Guild of Book Workers Newsletter
Number 113
August 1997


4th International Marbler's Gathering Istanbul, Turkey
June 1 - 8, 1997

"Beyond the Surface"

Nearly one hundred marblers and friends of marbling gathered in Istanbul for more than a week's immersion in marbling, or "Ebru", literally cloud art, as marbling is known in Turkey. Marbling appeared first in the Middle East and flourished in Turkey in the 16th century.

Turkey takes its national artistic heritage, of which Ebru is an example, seriously. Government ministries and officials from Ankara to Istanbul and beyond showed their respect and honor for Ebru art and its practitioners with their presence and concrete sponsorship. The Turkish Minister of Culture officiated at the opening of the Gathering's marbling exhibition at the Yildiz Palace along with the head of the International Research Centre for Islamic History which is housed there. Numerous others contributed as well.

While lectures and demonstrations concentrated on traditional Ebru, the juried Gathering exhibition included non-traditional marbling from the U.S., Australian and European artists. Unconventional works by Turkish artists mixed with other works in more traditional style. The exhibition, somewhat controversial because of the non-traditional works, received considerable publicity throughout Turkey and was well attended.

Other exhibitions, lectures and demonstrations focused on the philosophical, cultural and artistic context of marbling through history to the present. Traditional religious and secular Turkish music was performed during various programs, adding cultural context and richness to the experience.

The mayor of Ey¸p, a center of Islam, hosted a luncheon and tour of the holy places. There were also tours of the Topkapi Palace, the Calligraphy Museum, Turkish and Islamic Art Museum, and extended opportunities to study the thousands of historic examples of marbling in the S¸leymaniye Library. There was a visit to the studio, now a museum, of historic master marblers in Ðsc¸dar as a mark of respect for their work. Participants held an all day "Bazaar" in the exhibition palace, selling and trading their works, and the mayor of Ðsc¸dar sponsored a day-long boat trip on the Bosphorus.

After a day of lectures on marbling, including its origins and Islamic and Sufic context, the group strolled to the historic home of Sufism in Istanbul, built in 1492, which now houses a collection of calligraphy and an exhibition of the works and tools of the late master marbler Mustafa D¸zgunman. The evening ended with a performance of the Whirling dervishes.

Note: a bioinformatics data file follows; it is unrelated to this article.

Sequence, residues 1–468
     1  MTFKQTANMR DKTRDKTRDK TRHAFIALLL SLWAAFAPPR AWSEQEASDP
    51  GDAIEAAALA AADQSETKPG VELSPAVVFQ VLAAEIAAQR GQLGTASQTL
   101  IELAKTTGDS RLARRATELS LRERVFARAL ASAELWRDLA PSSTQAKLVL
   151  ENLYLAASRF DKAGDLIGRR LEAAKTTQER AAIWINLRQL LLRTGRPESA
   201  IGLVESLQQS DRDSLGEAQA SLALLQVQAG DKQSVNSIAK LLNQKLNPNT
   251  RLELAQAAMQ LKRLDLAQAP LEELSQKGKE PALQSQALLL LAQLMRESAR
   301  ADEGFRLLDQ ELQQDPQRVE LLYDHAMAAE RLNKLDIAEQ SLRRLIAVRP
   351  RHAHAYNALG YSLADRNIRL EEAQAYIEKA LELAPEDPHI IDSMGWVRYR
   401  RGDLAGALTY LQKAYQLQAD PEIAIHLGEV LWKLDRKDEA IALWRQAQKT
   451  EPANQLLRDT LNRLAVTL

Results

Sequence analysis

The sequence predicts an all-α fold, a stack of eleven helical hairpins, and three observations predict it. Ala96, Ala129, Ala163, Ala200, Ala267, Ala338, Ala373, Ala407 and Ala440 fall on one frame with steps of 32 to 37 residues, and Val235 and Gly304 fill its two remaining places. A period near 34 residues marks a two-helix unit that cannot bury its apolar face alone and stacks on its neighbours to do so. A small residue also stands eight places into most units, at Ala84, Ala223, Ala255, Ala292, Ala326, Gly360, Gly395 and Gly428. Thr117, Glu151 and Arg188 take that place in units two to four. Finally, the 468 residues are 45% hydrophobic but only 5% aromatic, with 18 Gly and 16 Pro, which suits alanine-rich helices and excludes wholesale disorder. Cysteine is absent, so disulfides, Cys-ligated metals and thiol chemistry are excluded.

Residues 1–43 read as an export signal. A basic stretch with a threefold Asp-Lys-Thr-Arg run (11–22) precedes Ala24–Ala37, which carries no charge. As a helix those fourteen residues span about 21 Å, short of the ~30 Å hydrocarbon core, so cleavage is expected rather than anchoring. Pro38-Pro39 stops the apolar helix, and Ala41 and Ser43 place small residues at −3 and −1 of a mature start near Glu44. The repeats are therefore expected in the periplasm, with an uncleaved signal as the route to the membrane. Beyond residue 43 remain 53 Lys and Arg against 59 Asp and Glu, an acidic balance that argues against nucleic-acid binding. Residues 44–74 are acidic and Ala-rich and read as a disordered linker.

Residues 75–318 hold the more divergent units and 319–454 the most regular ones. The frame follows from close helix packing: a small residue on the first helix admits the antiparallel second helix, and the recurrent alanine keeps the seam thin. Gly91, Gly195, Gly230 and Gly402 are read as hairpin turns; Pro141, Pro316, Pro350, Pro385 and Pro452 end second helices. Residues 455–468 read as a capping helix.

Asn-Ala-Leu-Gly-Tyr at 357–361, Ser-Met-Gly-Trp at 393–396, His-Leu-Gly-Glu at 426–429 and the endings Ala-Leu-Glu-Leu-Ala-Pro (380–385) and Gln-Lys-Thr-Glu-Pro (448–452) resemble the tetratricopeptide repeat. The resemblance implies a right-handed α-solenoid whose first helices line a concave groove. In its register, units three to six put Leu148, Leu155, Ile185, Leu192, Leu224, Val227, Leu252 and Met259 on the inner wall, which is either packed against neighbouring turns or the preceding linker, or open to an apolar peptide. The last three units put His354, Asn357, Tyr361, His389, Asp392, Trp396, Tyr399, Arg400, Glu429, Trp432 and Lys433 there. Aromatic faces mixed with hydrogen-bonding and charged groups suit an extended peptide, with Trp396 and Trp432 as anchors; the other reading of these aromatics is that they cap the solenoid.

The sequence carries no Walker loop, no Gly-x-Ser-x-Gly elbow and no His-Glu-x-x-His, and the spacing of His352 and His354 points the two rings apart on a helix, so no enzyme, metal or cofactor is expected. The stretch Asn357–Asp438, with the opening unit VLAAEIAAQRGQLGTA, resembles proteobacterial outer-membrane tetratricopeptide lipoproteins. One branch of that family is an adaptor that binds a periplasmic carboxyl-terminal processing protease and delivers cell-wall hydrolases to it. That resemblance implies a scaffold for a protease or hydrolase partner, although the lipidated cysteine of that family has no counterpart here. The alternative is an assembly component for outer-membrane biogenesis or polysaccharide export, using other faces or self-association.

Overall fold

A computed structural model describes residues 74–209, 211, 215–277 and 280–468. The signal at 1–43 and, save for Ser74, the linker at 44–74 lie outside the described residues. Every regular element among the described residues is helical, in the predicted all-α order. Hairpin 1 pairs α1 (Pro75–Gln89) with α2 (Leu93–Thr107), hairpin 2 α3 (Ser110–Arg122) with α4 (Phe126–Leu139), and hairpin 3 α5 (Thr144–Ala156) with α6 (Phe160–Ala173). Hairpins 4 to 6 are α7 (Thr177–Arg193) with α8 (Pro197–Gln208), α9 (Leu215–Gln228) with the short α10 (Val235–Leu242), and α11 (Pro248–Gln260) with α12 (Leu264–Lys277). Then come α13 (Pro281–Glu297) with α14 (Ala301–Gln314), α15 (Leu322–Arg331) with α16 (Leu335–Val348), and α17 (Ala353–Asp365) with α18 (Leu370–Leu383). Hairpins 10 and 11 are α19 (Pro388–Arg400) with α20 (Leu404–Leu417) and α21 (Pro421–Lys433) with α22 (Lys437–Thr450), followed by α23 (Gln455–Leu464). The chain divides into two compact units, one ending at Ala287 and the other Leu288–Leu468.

The Istanbul House of Ebru was formally opened during the Gathering. This is a beautifully restored early 19th century Ottoman house which has permanent exhibition space for Ebru, and space for workshops, joining old and new traditions of the art of marbling.

The final two days of the Gathering were devoted to a participatory workshop on traditional Ebru given by Hikmet Barutcugil, who, with his wife F¸sun, organized the Gathering. In the Islamic tradition, Ebru is performed as a spiritual meditation. The process starts with the thoughtful gathering and grinding of pigment-bearing plants from the high Anatolian plain. Many of these time-consuming steps are omitted these days as chemical dyes and other size are used. Nevertheless, the traditional methods produce an intimate connection between the artist and the work which is an integral part of Ebru art.

Hikmet and F¸sun Barutcugil are to be congratulated for planning such a rich and varied cultural experience in the Gathering. Everywhere they went, participants received extraordinary hospitality and genuine affection. The Gathering was marked by a mutual respect and honor between hosts and participants. Something magic happened in Istanbul. Future international marblers' gatherings will have a hard act to follow.

Signa Houghteling, Fine Bookbinder in San Francisco, CA